JURIDICA INTERNATIONAL XIX/2012
Docent of Civil Law
University of Tartu
The Constitutional Approach
to Basic Consumer Rights
Awareness of consumer rights as basic rights began when US President John F. Kennedy outlined in his
special message to the United States Congress, on 15 March 1962, four fundamental consumer rights.*1
From a Constitutional point of view, this declaration of certain consumer rights as ‘fundamental rights’ does
not in itself have any speciﬁ c value. Nevertheless, the speech attracted widespread attention elsewhere,
descriptive of, and contributing to, the emergence of new social and legal phenomena.
Over the last 50 years, consumer law has developed considerably, inﬂ uenced by growth in trade and
wealth, globalisation, and the strengthening of the consumer movement. As a result of these trends, numer-
ous regulations have been adopted to balance the greater power of professional suppliers over individuals.
Today, we have put behind us the era of declarative policies and embrace consumer rights at the high-
est Constitutional level, both in the EU’s primary law and in several EU member states. At the same time,
the discussion of the substantive meaning of consumer rights as a new type of fundamental rights has been
rather modest in the specialist literature. The main purpose of this paper is to explore the extent to which
consumer rights are recognised as fundamental rights at the international and national level, and to analyse
whether the declaration of basic consumer rights as Constitutional rights can improve the standard of con-
sumer protection or is merely a symbolic instrument, not associated with any major changes.
This paper is structured as follows. In the ﬁ rst part of the article, the author examines whether con-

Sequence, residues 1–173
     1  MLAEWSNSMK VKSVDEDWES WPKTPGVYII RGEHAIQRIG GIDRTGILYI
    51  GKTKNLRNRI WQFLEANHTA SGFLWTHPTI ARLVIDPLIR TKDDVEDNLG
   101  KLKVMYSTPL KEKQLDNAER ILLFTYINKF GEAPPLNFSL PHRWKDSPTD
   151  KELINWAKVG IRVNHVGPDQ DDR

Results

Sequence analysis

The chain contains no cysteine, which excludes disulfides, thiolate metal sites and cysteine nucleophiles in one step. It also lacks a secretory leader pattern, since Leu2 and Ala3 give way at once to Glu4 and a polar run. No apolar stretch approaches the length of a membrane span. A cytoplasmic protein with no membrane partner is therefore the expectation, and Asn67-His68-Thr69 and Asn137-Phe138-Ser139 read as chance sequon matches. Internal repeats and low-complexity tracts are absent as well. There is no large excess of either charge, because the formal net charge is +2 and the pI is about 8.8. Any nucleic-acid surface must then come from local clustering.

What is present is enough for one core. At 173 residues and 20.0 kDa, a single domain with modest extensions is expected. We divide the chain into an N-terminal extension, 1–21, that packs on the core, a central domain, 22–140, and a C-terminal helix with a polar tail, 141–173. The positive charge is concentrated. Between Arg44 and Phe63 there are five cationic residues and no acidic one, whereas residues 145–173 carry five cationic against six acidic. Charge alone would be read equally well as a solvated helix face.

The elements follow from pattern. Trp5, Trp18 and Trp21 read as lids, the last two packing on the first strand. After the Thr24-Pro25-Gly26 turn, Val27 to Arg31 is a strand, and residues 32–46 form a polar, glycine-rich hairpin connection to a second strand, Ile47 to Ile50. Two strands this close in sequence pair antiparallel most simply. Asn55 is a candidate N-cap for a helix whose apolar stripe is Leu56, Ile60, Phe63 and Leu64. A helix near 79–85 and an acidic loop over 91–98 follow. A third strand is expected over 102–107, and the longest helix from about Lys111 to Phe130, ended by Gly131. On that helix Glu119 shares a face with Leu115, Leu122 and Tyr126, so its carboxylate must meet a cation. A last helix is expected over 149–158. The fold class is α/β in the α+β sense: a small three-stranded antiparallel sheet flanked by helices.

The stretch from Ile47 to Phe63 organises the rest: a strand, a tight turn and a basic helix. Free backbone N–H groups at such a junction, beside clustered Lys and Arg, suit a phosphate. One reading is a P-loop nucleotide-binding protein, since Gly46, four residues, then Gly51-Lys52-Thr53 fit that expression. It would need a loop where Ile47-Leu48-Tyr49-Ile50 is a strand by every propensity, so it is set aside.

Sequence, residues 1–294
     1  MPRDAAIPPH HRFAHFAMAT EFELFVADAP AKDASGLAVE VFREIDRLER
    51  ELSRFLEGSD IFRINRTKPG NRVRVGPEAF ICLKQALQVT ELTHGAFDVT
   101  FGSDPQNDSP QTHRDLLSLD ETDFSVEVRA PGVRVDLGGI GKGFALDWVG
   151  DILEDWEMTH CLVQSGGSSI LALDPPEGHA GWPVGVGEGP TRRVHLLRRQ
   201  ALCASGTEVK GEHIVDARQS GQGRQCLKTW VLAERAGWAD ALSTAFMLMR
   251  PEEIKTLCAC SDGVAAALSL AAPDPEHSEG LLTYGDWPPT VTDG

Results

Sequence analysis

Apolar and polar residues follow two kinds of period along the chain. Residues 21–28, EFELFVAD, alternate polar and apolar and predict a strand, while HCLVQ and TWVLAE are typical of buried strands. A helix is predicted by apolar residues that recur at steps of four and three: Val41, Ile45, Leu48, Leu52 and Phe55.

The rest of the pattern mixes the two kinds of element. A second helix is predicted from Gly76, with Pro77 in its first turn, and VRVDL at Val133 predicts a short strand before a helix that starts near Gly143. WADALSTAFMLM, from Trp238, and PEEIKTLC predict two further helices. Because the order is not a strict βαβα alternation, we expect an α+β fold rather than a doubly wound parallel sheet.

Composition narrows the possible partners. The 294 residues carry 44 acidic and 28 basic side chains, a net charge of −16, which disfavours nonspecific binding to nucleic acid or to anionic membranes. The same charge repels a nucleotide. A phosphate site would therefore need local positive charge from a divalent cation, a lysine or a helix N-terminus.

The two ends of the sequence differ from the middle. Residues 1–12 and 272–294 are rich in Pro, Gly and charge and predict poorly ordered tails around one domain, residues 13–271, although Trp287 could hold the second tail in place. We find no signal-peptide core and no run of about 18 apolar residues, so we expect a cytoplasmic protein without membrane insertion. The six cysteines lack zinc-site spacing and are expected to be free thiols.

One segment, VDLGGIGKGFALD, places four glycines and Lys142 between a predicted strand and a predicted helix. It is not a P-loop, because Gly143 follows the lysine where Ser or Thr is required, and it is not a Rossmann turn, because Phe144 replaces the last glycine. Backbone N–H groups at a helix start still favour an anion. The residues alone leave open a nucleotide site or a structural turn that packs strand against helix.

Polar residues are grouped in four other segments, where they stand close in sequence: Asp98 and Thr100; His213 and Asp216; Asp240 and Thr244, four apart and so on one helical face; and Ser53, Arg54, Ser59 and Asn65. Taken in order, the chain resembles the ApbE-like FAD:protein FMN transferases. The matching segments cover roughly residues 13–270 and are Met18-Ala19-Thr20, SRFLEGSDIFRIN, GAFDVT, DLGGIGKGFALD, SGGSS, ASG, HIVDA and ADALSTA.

sumer rights have potential to be recognised as the universal human rights of the new generation insofar as
these rights have several shared features. In the second section, the author explores to what extent the main
rights of the consumer are accepted as fundamental rights at an international level in agreements, conven-
tions, and the primary law of the European Union. As the Charter of Fundamental Rights has become part
of the European Union’s primary law, the author is keen to ﬁ nd an answer to questions related to the legal
meaning that the charter ascribes to consumer rights. In the ﬁ nal part of the paper, the author focuses on
consumer rights as fundamental rights in national constitutions. Firstly, the Constitutional provisions of
EU member states that, expressis verbis, highlight consumer rights are addressed. Then the author analy-
ses the status of consumer rights in Estonian law, attempting to ﬁ nd an answer to the question of whether
or not consumer rights that are not directly mentioned in the Estonian Constitution could be treated as
fundamental rights that carry Constitutional value. For this purpose, the author interprets consumer rights
in the context of §10 of the Constitution. This section includes a special development clause, which allows
rights not expressly mentioned in the Constitution to be treated as fundamental rights by way of interpreta-
tion. Finally, the author presents his opinion as to whether the potential recognition of consumer rights as
Constitutional fundamental rights would ensure a greater level of protection for Estonian consumers.
1 Public Papers of the United States. J. F. Kennedy – Public Messages, Speeches and Statements of the President, 1.1.– 31.12.
pp. 235–240, United States. Ofﬁ ce of the Federal Register. U.S. Govt. Print. Off., 1962.